Project topic: Global warming

Project title: Global warming sentinels

Team: Go Green

Scuola Primaria S.Conca   Gaeta (LT)   Italy   30 Student’s age: 8-9 years old

Research question

Has global warming changed the habits of local sedentary and migratory avifauna?

Summary of the project
Global and local surveys

During the month of November, the UK hosted the United Nations Climate Change Conference COP26 in Glasgow, Scotland. Preparatory events were held in Italy, including the Youth4Climate youth meeting and Pre-COP summit. Starting with a news story that makes national and international headlines, students will be confronted with a global problem that has mobilized nearly 200 countries to solve it. Scientists believe that birds, both resident and migratory, are among the living species that respond most rapidly to warming changes, making them true sentinels of anthropogenic change. We live in a city where there is a protected area managed by the Riviera di Ulisse Regional Park Authority. In collaboration with the Park Authority, we decided to understand if climate change is modifying the habits of some species belonging to the local avifauna. The species taken into consideration are the following: Tawny Owl, Eagle Owl, Corsican Gull, Eurasian bee-eater, Wryneck and Sardinian Nightingale. In the classroom we set up a manual weather station and recorded our daily measurements on In the city of Gaeta there is also a station for air quality measurements, managed by ARPA Lazio. With ARPA, we analyzed the data related to the presence of polluting gases on the territory. The terrestrial data were correlated with the collection of information from the artificial satellites Sentinel2 and Sentinel5 in the area of the Park of Monte Orlando. A further enrichment of the information was possible thanks to the data provided by the qualified staff of the Regional Park.

Main results and Conclusions
Cover ebook that collects all the data

Entering the last phase, on April 4, 2022, through the Gsuite platform, we were lucky enough to be able to connect with the scientist Christian Lavarian who followed us throughout the journey with great patience and professionalism, supporting us in all our initiatives. For us it was an extraordinary opportunity to share with him our experiences, our discoveries and especially our emotions. After the collection and analysis of terrestrial and satellite data, we can say that during the last decade in the city of Gaeta there has been an increase in maximum temperatures and a decrease in rainy days while the air quality has not changed much. The Eurasian Wryneck, frequently recorded at the ringing station of Gianola (LT) managed by the Riviera di Ulisse Park Authority, has been included in the European RedList of birds 2022 for the late spring migration date. The Sardinian Warbler has a stable presence and is not endangered by global warming. The Brown Owl is qualified as a declining species included in the IUCN Red List and listed in Annex I of the Birds Directive (2009/147/EEC). The spotted owl, of which a specimen was recovered and cared for at the Park’s Wildlife Recovery Center in Monte Orlando and returned to its natural environment, through the change in the color of its plumage becomes a widely studied indicator species. Scientists observe them to detect the general health of primary forest ecosystems and monitor the effects of anthropogenic changes on the habitat. But since forests have been cleared for logging, agriculture, and urban development, tawny owls no longer have suitable nesting sites and their populations have plummeted. Their decline worsens at an average of nearly 4% each year. The bee-eater, a trans-Saharan migratory species, i.e. it winters in Africa south of the desert while nesting in spring-summer in Europe, is seeing an increase in its presence which has been correlated by scientists to the increase in average temperatures so they are defined as a “thermometer” of global warming. Finally, the Corsican Gull, a species that nests in very few areas including the cliffs present in the Regional Park of Monte Orlando. We were lucky enough to have contact with the naturalist F.Corbi who is completing, on behalf of ISPRA, the research for the survey of the number of nesting pairs and will soon publish the report. In previous years the breeding population was stable.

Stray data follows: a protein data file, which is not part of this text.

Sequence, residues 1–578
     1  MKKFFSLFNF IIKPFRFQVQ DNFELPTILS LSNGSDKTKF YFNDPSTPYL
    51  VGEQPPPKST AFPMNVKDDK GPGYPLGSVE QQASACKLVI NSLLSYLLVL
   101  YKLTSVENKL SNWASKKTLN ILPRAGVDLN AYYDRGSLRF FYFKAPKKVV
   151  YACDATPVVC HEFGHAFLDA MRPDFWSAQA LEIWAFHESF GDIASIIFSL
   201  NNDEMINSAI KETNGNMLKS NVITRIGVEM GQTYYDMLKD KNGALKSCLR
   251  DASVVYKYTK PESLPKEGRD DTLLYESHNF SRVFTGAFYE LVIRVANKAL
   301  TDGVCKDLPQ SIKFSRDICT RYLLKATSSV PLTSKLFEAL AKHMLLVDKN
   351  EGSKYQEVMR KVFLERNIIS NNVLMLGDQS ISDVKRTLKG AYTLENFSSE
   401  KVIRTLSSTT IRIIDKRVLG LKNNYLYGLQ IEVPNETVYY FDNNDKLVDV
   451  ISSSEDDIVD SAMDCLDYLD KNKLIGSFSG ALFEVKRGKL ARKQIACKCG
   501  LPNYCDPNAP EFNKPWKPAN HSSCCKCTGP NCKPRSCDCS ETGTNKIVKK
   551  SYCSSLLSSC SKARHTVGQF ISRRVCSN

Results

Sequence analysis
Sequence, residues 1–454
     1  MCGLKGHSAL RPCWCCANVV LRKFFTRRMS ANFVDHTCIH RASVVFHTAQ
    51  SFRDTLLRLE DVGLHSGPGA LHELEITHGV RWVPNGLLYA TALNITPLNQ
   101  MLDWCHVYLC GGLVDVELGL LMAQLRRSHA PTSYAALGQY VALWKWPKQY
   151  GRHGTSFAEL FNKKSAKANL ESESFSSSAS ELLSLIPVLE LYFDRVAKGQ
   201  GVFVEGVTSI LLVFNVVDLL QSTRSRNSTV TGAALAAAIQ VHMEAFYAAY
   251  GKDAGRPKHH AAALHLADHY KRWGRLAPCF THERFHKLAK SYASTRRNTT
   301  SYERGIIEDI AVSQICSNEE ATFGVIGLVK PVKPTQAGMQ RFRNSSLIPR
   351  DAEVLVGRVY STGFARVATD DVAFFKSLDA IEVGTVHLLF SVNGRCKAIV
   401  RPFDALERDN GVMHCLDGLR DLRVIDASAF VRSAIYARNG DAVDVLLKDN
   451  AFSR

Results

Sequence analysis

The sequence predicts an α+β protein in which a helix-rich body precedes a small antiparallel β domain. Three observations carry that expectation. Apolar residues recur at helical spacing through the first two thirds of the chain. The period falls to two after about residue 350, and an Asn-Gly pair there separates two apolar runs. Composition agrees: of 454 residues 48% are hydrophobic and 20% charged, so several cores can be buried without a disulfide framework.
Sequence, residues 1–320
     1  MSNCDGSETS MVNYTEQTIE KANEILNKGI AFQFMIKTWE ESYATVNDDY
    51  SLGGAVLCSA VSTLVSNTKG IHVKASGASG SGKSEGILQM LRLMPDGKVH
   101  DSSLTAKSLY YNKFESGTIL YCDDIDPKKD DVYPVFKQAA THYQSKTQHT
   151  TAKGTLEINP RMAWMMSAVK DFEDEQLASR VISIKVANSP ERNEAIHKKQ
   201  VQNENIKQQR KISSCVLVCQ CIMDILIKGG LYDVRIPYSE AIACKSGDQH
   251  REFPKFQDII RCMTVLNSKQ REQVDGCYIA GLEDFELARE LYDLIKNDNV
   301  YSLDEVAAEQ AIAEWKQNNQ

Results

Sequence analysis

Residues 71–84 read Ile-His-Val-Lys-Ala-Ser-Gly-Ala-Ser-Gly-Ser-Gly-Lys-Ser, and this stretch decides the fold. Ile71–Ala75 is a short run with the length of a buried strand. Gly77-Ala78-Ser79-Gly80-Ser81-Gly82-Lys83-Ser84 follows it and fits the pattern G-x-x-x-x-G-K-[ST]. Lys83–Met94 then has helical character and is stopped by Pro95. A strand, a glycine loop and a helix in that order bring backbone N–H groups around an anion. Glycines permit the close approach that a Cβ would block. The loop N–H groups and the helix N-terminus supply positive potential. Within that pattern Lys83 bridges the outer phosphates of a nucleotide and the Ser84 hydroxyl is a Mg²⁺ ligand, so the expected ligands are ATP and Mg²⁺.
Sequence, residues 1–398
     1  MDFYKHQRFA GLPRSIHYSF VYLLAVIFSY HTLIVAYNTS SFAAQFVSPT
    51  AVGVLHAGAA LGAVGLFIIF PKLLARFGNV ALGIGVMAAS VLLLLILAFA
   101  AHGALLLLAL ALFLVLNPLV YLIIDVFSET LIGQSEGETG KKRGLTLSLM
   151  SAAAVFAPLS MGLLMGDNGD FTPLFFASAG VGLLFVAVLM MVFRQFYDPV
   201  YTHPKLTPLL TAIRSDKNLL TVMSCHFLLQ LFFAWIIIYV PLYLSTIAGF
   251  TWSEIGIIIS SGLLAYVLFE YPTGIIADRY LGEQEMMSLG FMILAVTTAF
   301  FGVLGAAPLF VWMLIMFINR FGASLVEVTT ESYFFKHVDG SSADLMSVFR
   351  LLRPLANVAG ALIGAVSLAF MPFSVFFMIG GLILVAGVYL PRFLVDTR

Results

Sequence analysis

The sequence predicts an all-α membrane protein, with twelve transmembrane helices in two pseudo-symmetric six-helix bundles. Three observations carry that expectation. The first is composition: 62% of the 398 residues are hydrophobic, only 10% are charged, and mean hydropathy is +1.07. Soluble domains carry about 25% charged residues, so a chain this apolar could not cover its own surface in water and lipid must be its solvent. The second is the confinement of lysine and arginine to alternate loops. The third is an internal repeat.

What’s Next? Actions to make a difference and help lessen the problem
Location of planted trees

The last step is called “Making a Difference”. After understanding the causes of global warming, it is important to become agents of climate change and this can be achieved only through a widespread dissemination of data that are periodically provided on climate change and set a good example to achieve one of the objectives set at the end of COP26: contain the increase in temperature not more than 1.5 degrees, accelerating the elimination of coal, reducing deforestation and increasing the use of renewable energy. Thanks to the active collaboration with the Park Rangers of the protected area of Monte Orlando, we were able to plant 4 Aleppo pines as an example of good practice to be followed in other cities. We have designed and created a 3D paper model reproducing the vegetation of our Park of Monte Orlando to spread on the site a printable pdf. We have also created a pocket book entitled “Let’s make a difference…even a child could do it” to spread small gestures useful to achieve energy savings. At the end of the path we realized that we are very lucky to live in a city where there is a protected area that has the function to safeguard nature and our health. But the “climate change sentinels” are trying to tell us that the climate is changing and that we must not waste any more time, we must act because only by acting we can make a difference and save life on Earth.

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